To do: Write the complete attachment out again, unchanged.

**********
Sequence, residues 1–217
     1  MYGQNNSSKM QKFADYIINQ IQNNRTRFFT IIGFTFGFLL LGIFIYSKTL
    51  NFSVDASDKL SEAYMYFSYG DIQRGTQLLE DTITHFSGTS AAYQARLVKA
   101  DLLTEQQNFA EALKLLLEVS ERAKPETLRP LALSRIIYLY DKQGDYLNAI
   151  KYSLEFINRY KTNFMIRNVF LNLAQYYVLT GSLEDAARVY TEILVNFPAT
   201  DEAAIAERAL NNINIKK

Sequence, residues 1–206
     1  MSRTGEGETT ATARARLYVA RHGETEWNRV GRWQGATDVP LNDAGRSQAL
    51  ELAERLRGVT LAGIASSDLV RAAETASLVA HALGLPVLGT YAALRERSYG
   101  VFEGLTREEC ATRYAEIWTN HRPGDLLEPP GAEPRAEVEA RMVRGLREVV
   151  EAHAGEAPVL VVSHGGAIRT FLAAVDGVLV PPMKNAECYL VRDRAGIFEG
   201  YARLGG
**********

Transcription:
Sequence, residues 1–217
     1  MYGQNNSSKM QKFADYIINQ IQNNRTRFFT IIGFTFGFLL LGIFIYSKTL
    51  NFSVDASDKL SEAYMYFSYG DIQRGTQLLE DTITHFSGTS AAYQARLVKA
   101  DLLTEQQNFA EALKLLLEVS ERAKPETLRP LALSRIIYLY DKQGDYLNAI
   151  KYSLEFINRY KTNFMIRNVF LNLAQYYVLT GSLEDAARVY TEILVNFPAT
   201  DEAAIAERAL NNINIKK

Sequence, residues 1–206
     1  MSRTGEGETT ATARARLYVA RHGETEWNRV GRWQGATDVP LNDAGRSQAL
    51  ELAERLRGVT LAGIASSDLV RAAETASLVA HALGLPVLGT YAALRERSYG
   101  VFEGLTREEC ATRYAEIWTN HRPGDLLEPP GAEPRAEVEA RMVRGLREVV
   151  EAHAGEAPVL VVSHGGAIRT FLAAVDGVLV PPMKNAECYL VRDRAGIFEG
   201  YARLGG